At the end of December 1999, the brink of Y2K, my family of four moved to the country to become self-sufficient. The plan was to build a house, grow our own vegetables, raise sheep for food, chickens for eggs, and a ‘Bessie’ for milk. We came to our country property armed with containers of food in vacuum-sealed packages (enough to last for 10 years-just in case the entire electronic age came to a halt).
We took up residence in a‘temporary’575 sq’ trailer that we’d purchased for my father, who was anxious to live in the country with us. He was excited about residing on the property to help tame the wildscape, care for the animals, and keep up the farm equipment. Dad insisted on undergoing minor heart surgery a few weeks before our big move so he could get in shape to help us out, and died on the operating table instead. I will share the details of that story in another column…
My dad was careful with the little money he had, so he was the one who chose the trailer we bought. Describing it as a fixer-upper is an understatement. The floors were almost non-existent, and by the time we got it moved to our property both exterior doors were gone. They had flown off during the move—because the movers had neglected to secure them down. And the walls flexed like an accordion when the wind blew hard—which is all the time in our neck of the woods. On the up-side, the music it made during high winds was lovely.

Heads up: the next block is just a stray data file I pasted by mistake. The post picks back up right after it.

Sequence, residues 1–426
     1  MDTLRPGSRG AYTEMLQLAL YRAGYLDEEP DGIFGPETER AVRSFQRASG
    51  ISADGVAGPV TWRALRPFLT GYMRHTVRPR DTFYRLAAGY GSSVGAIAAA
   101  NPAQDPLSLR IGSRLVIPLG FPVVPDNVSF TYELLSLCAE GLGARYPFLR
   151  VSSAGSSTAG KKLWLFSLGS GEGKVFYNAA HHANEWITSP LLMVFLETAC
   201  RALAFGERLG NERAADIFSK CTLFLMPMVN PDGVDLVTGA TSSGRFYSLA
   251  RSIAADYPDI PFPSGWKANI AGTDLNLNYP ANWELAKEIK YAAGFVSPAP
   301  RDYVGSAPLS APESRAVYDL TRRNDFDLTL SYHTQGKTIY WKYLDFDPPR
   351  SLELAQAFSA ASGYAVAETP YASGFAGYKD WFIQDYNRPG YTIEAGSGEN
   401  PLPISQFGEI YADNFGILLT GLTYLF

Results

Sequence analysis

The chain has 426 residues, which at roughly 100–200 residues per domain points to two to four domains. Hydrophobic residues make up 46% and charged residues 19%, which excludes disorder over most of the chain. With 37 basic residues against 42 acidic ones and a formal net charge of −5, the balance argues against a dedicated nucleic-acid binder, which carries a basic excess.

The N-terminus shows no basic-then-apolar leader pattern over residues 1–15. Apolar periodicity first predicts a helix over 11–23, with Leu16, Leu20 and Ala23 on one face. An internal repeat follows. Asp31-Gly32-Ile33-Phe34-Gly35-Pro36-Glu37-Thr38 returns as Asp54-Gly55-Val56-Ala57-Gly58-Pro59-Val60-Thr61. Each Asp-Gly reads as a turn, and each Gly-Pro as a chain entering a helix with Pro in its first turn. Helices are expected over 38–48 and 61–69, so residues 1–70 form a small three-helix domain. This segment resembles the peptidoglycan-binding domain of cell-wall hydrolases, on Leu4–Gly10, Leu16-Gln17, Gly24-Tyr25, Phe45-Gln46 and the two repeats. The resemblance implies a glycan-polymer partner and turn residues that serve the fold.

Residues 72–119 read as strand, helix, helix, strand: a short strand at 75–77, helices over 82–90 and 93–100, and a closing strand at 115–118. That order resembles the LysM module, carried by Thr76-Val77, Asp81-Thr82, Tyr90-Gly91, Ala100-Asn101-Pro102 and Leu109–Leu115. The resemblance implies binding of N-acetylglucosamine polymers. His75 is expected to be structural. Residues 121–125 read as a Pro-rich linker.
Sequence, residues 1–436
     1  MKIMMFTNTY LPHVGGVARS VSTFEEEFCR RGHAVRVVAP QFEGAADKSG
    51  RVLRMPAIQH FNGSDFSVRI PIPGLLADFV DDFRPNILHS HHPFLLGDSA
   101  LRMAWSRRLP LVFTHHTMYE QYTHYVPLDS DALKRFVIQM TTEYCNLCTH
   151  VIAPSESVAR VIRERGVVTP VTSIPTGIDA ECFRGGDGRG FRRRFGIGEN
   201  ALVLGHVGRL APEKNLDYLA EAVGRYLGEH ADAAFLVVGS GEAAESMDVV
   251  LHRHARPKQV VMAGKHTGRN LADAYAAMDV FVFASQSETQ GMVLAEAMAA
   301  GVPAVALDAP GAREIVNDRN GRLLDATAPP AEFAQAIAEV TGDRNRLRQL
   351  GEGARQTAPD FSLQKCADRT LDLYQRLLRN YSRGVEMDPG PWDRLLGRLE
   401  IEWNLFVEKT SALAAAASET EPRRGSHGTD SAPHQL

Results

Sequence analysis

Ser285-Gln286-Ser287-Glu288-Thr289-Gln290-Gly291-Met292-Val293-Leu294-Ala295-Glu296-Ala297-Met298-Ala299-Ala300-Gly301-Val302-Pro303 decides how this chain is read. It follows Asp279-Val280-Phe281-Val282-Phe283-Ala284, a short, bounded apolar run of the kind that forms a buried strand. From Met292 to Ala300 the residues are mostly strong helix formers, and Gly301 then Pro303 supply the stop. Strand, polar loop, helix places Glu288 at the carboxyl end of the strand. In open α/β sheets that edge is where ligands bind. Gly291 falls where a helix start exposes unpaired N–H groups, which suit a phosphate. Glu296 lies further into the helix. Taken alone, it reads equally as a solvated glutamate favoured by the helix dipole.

Anyway…we had to fix-up the trailer before we could move into it. And the repairs had to be done before we could begin building the house or, we wouldn’t have any roof over our heads. The plan was to fix the trailer, then dig trenches and install sewer lines. But, we didn’t know where the water lines or cut-offs were, and when we asked the city maintenance guys—they didn’t either. Let me tell you that having to dig up four acres with a shovel to find the lines was not the best remedy for my husband’s already ailing back. The fence was to be next, or the animals would escape—again. When we were bringing our newly purchased herd of 20 sheep to their new home, the trailer gate swung open just as we were crossing our cattle guard. I’ve never seen animals disappear so fast and travel so far in so little time! It took two weeks to get them all back. We spent many days and nights trying to get them out of our neighbor’s pastures-who by the way, leaned against their fence with cool drinks in hand to watch and poke fun at the city folk. Granted, watching four city slickers run back and forth wildly through 20’ stalks of sunflowers from daylight to sunset, rattling a can of dry food, while dodging jumping sheep must have been pretty comical. Needless to say, not much else was accomplished during this two week stretch. By the way, we continued to work full-time in San Antonio during this construction phase. There is much more-but I’ll save those stories for later.